We took our time wandering through green spaces shaded by fruit trees, past a temple, to the Blue Elephant Cooking School & Restaurant, located in an historic governor’s mansion. We were here to admire the architecture and interior design, but there also were shopping opportunities, and a cold drink was very welcome.
Just after 2:30, we ventured down a side street to a cart specializing in pork bone soup and fried noodles (probably อี๋เป๋ง หมี่หุ้นกระดูกหมู), which has been run by “Granny” since forever. We ate across the lane in what appeared to be an abandoned storefront with a limited amount of improvised seating. I was pretty out of it by that point; we probably were all in a “food coma.” After this meal, I stopped paying attention to where we were, or reaching into my pack for my camera.
It was a level of fullness I seldom reach without passing out. But like a zombie who must feed, I continued to the next restaurant, the next shopping mall, the next grocery store, the next fabric shop. Our last stop, the Halal restaurant Aroon, is one of the oldest Muslim restaurants in Phuket. On the web, they are best known for their roti, but since we were seated by the kitchen, we were impressed by their fascinating way of pouring iced coffee that made it very foamy. Their soups were tasty, and we got an additional order of soup to go because we had given our staff the night off and we needed, maybe, to have food for dinner. Our final logistics involved Pema calling our van driver and directing him to various stops to make pickups, after which we headed for home, our four-hour tour having stretched to six hours, and our bellies having stretched, well, you get the idea.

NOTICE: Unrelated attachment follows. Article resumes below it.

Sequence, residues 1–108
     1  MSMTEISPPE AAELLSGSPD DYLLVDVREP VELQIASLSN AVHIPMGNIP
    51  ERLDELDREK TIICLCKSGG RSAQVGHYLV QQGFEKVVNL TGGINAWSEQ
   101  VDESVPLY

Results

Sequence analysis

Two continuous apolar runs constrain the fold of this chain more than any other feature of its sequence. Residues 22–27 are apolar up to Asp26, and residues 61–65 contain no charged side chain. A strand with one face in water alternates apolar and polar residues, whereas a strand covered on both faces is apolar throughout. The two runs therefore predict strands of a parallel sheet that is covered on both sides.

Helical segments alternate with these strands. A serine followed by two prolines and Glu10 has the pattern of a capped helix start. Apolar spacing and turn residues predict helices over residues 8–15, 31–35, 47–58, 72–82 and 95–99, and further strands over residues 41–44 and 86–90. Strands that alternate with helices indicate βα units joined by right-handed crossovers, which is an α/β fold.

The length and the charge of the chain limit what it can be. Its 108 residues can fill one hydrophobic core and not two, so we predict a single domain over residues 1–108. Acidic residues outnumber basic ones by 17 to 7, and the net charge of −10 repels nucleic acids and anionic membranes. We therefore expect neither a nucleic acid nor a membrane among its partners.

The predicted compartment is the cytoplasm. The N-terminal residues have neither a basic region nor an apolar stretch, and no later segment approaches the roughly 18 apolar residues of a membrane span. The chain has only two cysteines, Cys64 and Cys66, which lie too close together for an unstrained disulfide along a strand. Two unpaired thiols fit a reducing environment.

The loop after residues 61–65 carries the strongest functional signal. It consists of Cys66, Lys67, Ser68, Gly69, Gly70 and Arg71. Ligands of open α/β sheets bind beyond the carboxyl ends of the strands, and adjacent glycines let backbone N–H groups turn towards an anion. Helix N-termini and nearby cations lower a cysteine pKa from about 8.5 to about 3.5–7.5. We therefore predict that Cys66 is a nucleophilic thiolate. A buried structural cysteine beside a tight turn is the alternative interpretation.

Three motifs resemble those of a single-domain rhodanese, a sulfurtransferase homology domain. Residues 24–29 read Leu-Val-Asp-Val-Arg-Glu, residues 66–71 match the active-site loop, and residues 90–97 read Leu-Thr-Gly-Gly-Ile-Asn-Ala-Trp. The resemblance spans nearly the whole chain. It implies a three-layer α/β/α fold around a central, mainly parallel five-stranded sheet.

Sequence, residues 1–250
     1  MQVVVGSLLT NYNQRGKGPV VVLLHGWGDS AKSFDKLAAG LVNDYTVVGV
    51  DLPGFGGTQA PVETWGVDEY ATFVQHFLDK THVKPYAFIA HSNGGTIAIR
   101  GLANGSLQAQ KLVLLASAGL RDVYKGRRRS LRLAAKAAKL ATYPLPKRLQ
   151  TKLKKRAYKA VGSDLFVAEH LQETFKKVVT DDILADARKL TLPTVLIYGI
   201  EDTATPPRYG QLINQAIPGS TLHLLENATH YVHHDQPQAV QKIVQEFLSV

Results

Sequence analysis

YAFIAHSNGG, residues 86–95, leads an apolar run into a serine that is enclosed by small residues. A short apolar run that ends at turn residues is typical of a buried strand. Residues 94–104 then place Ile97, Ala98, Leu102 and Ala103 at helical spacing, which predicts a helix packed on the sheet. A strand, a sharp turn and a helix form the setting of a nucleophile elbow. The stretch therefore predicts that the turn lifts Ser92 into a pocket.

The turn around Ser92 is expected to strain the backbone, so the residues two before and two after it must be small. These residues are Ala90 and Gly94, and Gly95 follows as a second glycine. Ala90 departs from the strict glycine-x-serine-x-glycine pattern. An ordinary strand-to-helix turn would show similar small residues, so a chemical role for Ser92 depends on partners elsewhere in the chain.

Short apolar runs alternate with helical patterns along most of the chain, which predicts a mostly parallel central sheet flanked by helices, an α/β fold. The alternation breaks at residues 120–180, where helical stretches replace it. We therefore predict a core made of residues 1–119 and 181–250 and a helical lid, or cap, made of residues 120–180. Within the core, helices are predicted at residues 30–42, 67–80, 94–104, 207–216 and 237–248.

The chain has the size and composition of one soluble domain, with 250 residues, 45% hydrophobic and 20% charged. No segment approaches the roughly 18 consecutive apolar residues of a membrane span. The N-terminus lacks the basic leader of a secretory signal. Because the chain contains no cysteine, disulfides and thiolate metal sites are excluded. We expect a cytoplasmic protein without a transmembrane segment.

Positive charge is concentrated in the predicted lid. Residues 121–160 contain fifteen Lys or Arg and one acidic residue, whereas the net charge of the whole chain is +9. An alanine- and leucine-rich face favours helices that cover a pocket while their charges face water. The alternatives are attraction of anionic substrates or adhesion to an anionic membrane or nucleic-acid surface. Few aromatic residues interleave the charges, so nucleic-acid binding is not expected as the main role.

On the way back, we pulled over at Wine Connection, a chain of cafes with wine shops, where we could expand our horizons beyond the limited choices at 7-11. The oenophiles considered bottles from various unknown wineries and settled on three. Our timing was good: they can’t sell alcohol before 5:00pm and we were ringing up around 5:02.
Back at the villa, we opened some wine and assumed a vegetative position on the couches around the TV. Episodes of the Netflix original series Dogs proved surprisingly moving, and I enjoyed a little stand-up comedy (to be clear, I was not the one standing). There may have been some light snacking on left-overs from last night’s dinner as we recovered from the day’s gluttony.
Tomorrow we plan to take it a little easier, spending our morning at an elephant sanctuary, then doing a little shopping, having some relaxing massages, and enjoying one last home cooked dinner.